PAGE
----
Anshika Suri CV -

Anshika Suri

Anshika Suri has been working on her doctoral thesis at the Fachbereich Architektur since January 2015. She holds a bachelor’s degree in Architecture from the Sushant School of Art and Architecture, India, and a Joint European Double Degree Masters (MSc Mundus Urbano) in both International Cooperation in Urban Development from the Technische Universität, Darmstadt, Germany, and International Cooperation in Sustainable Emergency Architecture from the Universitat Internacional de Catalunya, Barcelona, Spain. After her bachelor’s degree, Anshika worked as a consultant architect for two leading architecture firms in New Delhi, India. During her bachelor’s degree, she worked extensively for 3 years with a squatter resettlement colony in New Delhi and designed an Incremental Housing Prototype for the resettlement colony as a part of her bachelor thesis. She further continued her work on housing and land rights for the urban poor with a feasibility study for an affordable housing project in Ulaanbaator, Mongolia in cooperation with Geoffrey Payne and Associates, London, and The World Bank. She began researching urban infrastructures through a gendered perspective for her master’s thesis and analyzed gender segregation in the urban transport infrastructure in New Delhi. Her PhD project is in line with this continued interest in understanding the urban sanitation challenge being faced by women in informal settlements in the cities of Dar es Salaam, Tanzania and Nairobi, Kenya. She is part of the graduate program “Urban Infrastructures in Transition: The case of African Cities”, as a scholarship holder from Hans Boeckler Foundation, Germany.

PhD Project

Women and the Urban Sanitation Challenge: Tracing an Intersectional Relationship Africa College, URBANgrad, TU-Darmstadt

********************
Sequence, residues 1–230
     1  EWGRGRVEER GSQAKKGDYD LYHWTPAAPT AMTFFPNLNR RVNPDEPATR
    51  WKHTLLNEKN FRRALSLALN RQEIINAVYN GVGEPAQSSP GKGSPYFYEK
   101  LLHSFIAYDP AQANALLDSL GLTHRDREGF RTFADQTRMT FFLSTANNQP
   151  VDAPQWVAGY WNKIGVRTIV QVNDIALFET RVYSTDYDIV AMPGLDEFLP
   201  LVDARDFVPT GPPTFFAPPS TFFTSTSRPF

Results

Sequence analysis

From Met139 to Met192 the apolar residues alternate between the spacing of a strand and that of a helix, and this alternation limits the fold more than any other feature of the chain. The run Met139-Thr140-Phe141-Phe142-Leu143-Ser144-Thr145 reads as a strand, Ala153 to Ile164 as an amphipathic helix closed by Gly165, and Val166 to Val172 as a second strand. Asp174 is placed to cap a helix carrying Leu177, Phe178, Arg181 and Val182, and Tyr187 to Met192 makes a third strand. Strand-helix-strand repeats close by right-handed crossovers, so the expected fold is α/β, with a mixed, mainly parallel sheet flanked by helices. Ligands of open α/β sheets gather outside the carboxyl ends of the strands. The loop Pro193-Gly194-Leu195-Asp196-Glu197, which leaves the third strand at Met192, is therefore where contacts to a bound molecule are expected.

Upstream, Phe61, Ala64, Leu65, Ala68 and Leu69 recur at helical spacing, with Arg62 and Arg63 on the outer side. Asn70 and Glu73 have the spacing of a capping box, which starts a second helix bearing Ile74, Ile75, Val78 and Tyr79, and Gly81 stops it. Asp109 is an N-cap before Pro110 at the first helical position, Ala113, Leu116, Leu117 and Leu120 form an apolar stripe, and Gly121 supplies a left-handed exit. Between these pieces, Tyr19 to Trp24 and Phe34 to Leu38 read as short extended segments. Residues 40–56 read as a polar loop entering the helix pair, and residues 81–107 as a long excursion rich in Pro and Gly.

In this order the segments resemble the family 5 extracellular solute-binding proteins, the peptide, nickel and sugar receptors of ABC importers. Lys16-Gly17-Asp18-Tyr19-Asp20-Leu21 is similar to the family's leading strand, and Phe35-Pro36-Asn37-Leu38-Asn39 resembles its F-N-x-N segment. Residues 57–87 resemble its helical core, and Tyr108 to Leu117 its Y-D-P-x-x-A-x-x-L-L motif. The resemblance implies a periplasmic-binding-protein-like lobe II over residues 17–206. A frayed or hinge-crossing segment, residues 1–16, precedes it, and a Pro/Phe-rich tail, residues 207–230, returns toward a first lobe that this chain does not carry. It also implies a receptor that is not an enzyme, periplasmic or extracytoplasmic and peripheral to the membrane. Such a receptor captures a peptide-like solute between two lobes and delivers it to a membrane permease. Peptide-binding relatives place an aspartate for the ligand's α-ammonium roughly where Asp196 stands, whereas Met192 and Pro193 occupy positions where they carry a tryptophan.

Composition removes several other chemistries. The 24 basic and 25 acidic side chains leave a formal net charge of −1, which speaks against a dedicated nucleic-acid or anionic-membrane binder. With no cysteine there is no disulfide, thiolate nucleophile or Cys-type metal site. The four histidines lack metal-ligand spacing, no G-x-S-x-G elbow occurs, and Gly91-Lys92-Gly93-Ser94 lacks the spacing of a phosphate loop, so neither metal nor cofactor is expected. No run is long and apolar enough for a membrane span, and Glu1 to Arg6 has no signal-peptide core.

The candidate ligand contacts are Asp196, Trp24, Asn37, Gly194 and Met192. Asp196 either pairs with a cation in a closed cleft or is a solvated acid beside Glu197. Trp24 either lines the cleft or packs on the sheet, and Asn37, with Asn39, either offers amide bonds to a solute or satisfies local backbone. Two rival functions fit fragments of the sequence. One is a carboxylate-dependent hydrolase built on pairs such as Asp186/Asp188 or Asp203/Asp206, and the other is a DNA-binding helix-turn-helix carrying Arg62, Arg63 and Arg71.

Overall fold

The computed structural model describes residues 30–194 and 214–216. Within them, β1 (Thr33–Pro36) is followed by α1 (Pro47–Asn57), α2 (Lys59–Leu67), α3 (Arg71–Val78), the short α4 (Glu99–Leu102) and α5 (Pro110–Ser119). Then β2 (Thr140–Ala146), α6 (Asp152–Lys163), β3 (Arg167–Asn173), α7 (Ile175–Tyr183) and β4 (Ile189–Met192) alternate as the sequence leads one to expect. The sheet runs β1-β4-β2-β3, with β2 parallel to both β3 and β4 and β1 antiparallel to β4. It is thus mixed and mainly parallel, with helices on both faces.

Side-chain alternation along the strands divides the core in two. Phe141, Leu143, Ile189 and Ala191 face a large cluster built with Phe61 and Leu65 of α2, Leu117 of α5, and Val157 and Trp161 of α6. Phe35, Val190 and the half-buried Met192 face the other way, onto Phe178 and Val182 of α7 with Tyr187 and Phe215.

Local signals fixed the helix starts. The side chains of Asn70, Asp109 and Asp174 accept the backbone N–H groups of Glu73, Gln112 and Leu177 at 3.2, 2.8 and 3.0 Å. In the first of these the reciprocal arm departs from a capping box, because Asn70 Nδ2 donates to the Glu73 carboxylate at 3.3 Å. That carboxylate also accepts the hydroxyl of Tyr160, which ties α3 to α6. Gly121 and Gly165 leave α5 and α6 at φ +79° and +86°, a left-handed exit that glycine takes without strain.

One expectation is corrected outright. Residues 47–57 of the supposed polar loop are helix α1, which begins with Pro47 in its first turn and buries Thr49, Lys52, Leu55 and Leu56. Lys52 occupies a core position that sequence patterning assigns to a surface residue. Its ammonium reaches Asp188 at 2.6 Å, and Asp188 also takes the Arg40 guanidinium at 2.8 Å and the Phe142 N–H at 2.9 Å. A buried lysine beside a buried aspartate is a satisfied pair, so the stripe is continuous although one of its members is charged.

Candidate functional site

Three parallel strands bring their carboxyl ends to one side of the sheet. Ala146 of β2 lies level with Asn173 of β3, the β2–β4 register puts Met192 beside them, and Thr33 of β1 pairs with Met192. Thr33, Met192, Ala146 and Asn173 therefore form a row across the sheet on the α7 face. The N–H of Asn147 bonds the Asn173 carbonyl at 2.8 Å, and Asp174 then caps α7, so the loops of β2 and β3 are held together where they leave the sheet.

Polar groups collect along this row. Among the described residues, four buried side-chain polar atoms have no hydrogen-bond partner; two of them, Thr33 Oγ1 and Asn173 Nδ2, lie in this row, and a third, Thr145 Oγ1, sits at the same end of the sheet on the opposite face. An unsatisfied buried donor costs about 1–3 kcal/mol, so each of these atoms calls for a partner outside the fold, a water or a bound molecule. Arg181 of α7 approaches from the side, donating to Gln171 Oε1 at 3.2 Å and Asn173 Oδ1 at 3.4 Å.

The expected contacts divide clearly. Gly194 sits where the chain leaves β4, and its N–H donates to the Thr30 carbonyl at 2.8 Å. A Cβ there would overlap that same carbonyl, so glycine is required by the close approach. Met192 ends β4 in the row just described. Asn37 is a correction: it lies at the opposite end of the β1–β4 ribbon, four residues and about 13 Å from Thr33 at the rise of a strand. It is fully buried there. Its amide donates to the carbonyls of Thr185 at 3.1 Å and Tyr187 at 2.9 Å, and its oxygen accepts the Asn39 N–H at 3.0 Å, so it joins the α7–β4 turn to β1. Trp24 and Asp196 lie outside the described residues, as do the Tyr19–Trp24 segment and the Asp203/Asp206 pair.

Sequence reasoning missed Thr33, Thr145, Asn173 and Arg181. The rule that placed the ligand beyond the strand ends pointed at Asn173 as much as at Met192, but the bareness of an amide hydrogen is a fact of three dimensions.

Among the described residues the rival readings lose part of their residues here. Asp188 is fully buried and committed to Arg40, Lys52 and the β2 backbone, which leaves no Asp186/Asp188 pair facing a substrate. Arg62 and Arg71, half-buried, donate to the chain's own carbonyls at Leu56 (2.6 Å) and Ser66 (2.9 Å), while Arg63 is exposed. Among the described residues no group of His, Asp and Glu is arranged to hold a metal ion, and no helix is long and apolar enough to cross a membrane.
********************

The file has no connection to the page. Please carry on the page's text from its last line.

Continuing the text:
The global sanitation crisis is one of the most important developmental challenges in the 21st century with 2.4 billion people still lacking access to improved sanitation facilities (Domestos Unilever et al., 2013). The lack of sanitation has been identified among the main causes of health problems among urban dwellers in African cities (Hendriksen et al., 2011) and the promotion of basic sanitation is largely focused on hygiene awareness, health and environmental benefits. While access to sanitation is currently measured globally by the WHO/UNICEF Joint Monitoring Programme through the targets set by the Millennium Development Goals using internationally agreed definitions for “improved sanitation”, this monitoring currently does not provide a breakdown of access for men and women separately. However, poor sanitation significantly impacts the safety, well-being and educational prospects of women. Previous studies reveal that one in three women still lack access to safe toilets worldwide and risk shame, health issues, indignity, harassment and even attack because of inadequate sanitary infrastructure (Domestos Unilever et al., 2013; Abrahams et al., 2006; Joshi et al., 2011,Reddy & Snehalatha, 2011: 400).Earlier research emphasizes the vulnerability of women to physical and sexual violence if they are forced to wait until early morning or late evenings to look for a secluded place to defecate (Reddy & Snehalatha, 2011:390; Domestos Unilever et al., 2013). This subset of literature exposes the oppressive relationship between women and sanitation. Literature additionally suggests that the lack of sanitation considerably contributes to poverty (Hendriksen et al., 2011; Desai et al., 2014) with the casting out of many sites, groups and practices of the urban poor as unsanitary (Desai et al., 2014; Allen et al., 2006). This helps to draw attention towards women who stand on an intersection of multiple categories such as inadequate access to sanitation infrastructure, poverty and gender violence. By analyzing the existing sanitation infrastructure through the lens of this intersectionality, the objective of the study is to explore and understand the gender inequality mediated by existing arrangements in the provision of sanitation services, the access to them, the use of services and by the technological design of sanitation infrastructure.